Scheduled monument consent - this covers any works affecting a scheduled ancient monument or the grounds surrounding the monument.
Listed building consent - this applies to any demolition, alteration or extension works carried out to a listed building, any ancillary buildings or structures, and any objects or structures within its curtilage which have formed part of the land since before 1 July 1948; this might include garden features such as dovecotes and garden walls. Both listed building consent and planning permission may be required for any new buildings erected on a listed building site, and for some alterations to a listed building which would normally require planning permission.
Conservation area consent - this governs the demolition or substantial demolition of a building located within a conservation area. The designation of a conservation area also covers trees, whether or not they are protected by a tree preservation order (TPO). A TPO makes it an offence to cut down, top, lop, uproot, intentionally damage or destroy a protected tree or group of trees without seeking the appropriate permission from the local authority.
Planning permission may also be required for building works and alterations to buildings which stand within a conservation area. The 'permitted development rights', which automatically give permission for certain minor alterations to 'single family houses' which are outside a conservation area, may be more restricted for those properties within a conservation area.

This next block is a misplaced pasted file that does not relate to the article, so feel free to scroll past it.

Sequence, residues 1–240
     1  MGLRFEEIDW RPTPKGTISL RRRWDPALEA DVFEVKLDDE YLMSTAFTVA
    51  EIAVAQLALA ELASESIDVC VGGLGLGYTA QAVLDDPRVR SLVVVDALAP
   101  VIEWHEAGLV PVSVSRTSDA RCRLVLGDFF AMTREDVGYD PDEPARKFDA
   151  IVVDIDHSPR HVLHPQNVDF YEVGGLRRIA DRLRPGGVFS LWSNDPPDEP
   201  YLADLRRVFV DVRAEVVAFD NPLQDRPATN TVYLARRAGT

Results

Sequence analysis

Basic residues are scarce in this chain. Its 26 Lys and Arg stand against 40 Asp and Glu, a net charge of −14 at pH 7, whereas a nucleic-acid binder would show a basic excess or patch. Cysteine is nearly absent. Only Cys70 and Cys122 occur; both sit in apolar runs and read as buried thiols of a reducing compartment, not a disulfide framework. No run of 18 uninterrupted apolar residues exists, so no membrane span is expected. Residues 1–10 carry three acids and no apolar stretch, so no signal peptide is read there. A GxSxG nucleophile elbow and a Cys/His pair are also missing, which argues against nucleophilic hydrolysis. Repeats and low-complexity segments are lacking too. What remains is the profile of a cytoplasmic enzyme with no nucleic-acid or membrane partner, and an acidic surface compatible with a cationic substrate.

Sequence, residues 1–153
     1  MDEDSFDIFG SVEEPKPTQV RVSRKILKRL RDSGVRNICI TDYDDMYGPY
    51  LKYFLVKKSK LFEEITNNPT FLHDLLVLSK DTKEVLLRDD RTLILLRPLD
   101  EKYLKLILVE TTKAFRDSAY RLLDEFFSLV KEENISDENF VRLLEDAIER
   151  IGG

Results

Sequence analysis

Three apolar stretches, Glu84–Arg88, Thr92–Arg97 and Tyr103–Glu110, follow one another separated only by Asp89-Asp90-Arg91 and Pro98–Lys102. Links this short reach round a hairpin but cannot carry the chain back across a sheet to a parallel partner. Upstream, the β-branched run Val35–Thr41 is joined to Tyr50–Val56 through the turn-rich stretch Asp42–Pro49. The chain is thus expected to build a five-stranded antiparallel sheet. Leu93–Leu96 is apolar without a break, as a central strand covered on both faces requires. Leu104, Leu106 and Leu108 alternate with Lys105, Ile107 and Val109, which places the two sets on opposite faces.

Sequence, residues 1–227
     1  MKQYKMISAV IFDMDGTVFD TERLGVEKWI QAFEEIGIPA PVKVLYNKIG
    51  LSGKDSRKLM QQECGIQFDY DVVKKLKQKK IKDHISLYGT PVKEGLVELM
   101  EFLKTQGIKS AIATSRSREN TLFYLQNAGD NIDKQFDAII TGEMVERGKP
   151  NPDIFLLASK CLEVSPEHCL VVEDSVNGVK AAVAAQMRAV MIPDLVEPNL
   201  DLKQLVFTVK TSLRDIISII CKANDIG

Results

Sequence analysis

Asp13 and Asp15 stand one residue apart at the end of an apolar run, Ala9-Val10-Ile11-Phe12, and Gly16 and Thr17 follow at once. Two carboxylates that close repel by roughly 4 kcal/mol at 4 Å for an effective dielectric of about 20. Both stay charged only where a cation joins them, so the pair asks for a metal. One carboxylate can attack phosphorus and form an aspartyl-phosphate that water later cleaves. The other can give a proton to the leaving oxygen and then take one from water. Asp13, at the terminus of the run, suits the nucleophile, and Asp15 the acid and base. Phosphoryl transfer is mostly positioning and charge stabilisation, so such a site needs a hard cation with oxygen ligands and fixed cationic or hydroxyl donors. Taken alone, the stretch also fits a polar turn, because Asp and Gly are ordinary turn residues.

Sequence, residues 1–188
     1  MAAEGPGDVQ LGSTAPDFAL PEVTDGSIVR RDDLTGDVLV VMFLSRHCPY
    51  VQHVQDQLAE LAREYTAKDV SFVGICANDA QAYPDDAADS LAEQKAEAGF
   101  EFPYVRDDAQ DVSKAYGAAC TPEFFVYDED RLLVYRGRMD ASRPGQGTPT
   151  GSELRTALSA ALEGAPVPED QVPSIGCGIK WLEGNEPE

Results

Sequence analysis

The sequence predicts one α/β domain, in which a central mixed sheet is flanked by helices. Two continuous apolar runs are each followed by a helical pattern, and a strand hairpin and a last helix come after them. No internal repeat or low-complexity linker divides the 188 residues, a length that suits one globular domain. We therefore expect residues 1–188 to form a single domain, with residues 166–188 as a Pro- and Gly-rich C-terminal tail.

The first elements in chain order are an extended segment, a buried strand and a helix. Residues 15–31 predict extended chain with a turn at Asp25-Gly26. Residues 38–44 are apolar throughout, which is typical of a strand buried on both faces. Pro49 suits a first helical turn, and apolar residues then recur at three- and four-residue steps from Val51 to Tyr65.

Should any alteration or demolition works be carried out without the appropriate permission, and these works affect the character of a listed building as a building of special architectural or historic interest (internally or externally), or that of a building in a conservation area, the owner, developer and contractor are liable to be prosecuted, and could face a fine and even imprisonment.
It is also worth noting that owners of listed buildings are responsible for maintaining that building and action can be taken against them, should they fail to do so. At the same time, they must ensure that they obtain the appropriate consent for carrying out maintenance and repair work.
The rules governing listed buildings and conservation areas can be complex. It is also important to ascertain whether a property or area of land which may not currently be listed or fall within a conservation area could be subject to the legislation in the future, particularly if the property or land abuts an existing conservation area. It is therefore advisable to seek assistance from a legal professional before beginning any building works or alterations to a property which may be affected by the legislation.
How We Can Help
We can offer advice and assistance regarding listed buildings and conservation areas, and help to ensure that you comply with the necessary legislation. Please contact us for further information.
For information of users: This material is published for the information of clients. It provides only an overview of the regulations in force at the date of publication, and no action should be taken without consulting the detailed legislation or seeking professional advice. Therefore no responsibility for loss occasioned by any person acting or refraining from action as a result of the material can be accepted by the authors or the firm.